Average heart rate during eMTB use was 93.6% of average heart rate during conventional mountain bike use

Science says: average heart rate during eMTB use was 93.6% of average heart rate during conventional mountain bike use.

>>> The best Black Friday deals on electric mountain bikes

Another week, another study into pedal-assist electric bikes. This time though it’s specifically about mountain biking and e-bikes.

A study called Pedal-Assist Mountain Bikes: A Pilot Study Comparison of the Exercise Response, Perceptions, and Beliefs of Experienced Mountain Bikers has been recently published.

Here are the edited highlights

The study aimed to compare conventional mountain bike and eMTB use. This was done by investigating two questions:

  1. What proportion of exercise response (AKA ‘effort’) is retained for an experienced mountain biker while using an eMTB when compared with a conventional mountain bike?
  2. What are the perceptions and beliefs of experienced mountain bikers toward eMTBs both before and after riding an eMTB?

Upon arrival at the trail, participants were fitted with a heart rate monitor and corresponding Apple Watch. Each Apple Watch was paired to the heart rate monitor and Strava app to record the participant’s ride data.

Participants were randomly assigned to ride a 6-mile study loop on either a conventional mountain bike or an eMTB. The loop included approximately 700 feet of elevation gain, the most intense climbing section averaging a 5% incline over a distance of one mile. Upon completing the study loop on their initially assigned bike, participants’ heart rate and Strava data were saved. Participants then rode the loop again on the other bike. After completing the study loop a second time, participant heart rate and Strava data were again saved.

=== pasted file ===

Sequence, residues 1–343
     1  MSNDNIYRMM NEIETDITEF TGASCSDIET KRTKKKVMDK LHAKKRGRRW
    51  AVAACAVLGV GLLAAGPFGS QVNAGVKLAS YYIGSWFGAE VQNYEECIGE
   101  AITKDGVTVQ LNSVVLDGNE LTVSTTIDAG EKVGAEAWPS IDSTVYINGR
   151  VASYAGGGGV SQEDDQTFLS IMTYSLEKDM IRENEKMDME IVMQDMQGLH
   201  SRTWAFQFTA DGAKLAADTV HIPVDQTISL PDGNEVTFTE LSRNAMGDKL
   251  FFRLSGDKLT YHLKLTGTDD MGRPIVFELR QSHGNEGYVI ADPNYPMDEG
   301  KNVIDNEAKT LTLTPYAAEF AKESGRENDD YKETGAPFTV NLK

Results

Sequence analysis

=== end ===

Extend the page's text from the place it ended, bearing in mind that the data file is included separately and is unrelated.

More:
The ebikes used were 2017 Specialized Turbo Levo FSR Comp Carbon 6Fattie models with a maximum assistance speed of 20 mph (32 kph). Participants were given the option of either riding their own mountain bike or a 2017 Specialized Stumpjumper FSR Comp 6Fattie model to ride the non-eMTB lap of the loop.

Participants also completed both a pre- and post-ride questionnaire to see how their opinions about ebikes changed.


Participants completed the course an average of 12 min and 40 seconds faster when riding the eMTB.

The average speed of travel on the eMTB was 4.1 mph (6.6 km/h) faster than on the conventional mountain bike.

Participants’ average heart rate during the eMTB ride was 9.9 beats per minute (bpm) lower than during the conventional mountain bike ride.

With a mean age of 37.8 years, participants’ estimated maximum heart rate was 182 bpm.

Riding both the conventional mountain bike and the eMTB placed participants’ in the upper half of the vigorous-intensity zone.

The average heart rate during the eMTB loop was 93.6% of the average heart rate of the loop ridden on a conventional mountain bike.

Despite this measurement, participants’ perceived exertion while riding the eMTB was low. In other words, riders didn’t think they ere working as hard as they really were whilst on the ebike.

Though heart rate, energy expenditure, oxygen consumption, and intensity was generally lower compared with a conventional bike, e-bike use still produced moderate physical activity in comparable settings.


Experienced mountain bikers aged between 18 and 65 years were recruited to participate in this study. The majority of participants were male (88%; 29/33). The average age was just under 38 years.

Only three participants had previously ridden an eMTB before participating in this study.

The sample of participants holding positive attitudes about eMTB at the onset. Only 18% of participants indicated they were opposed to eMTB on the preride survey. Those volunteering to participate in this study likely had more positive views of eMTBs and were excited for the opportunity to ride one.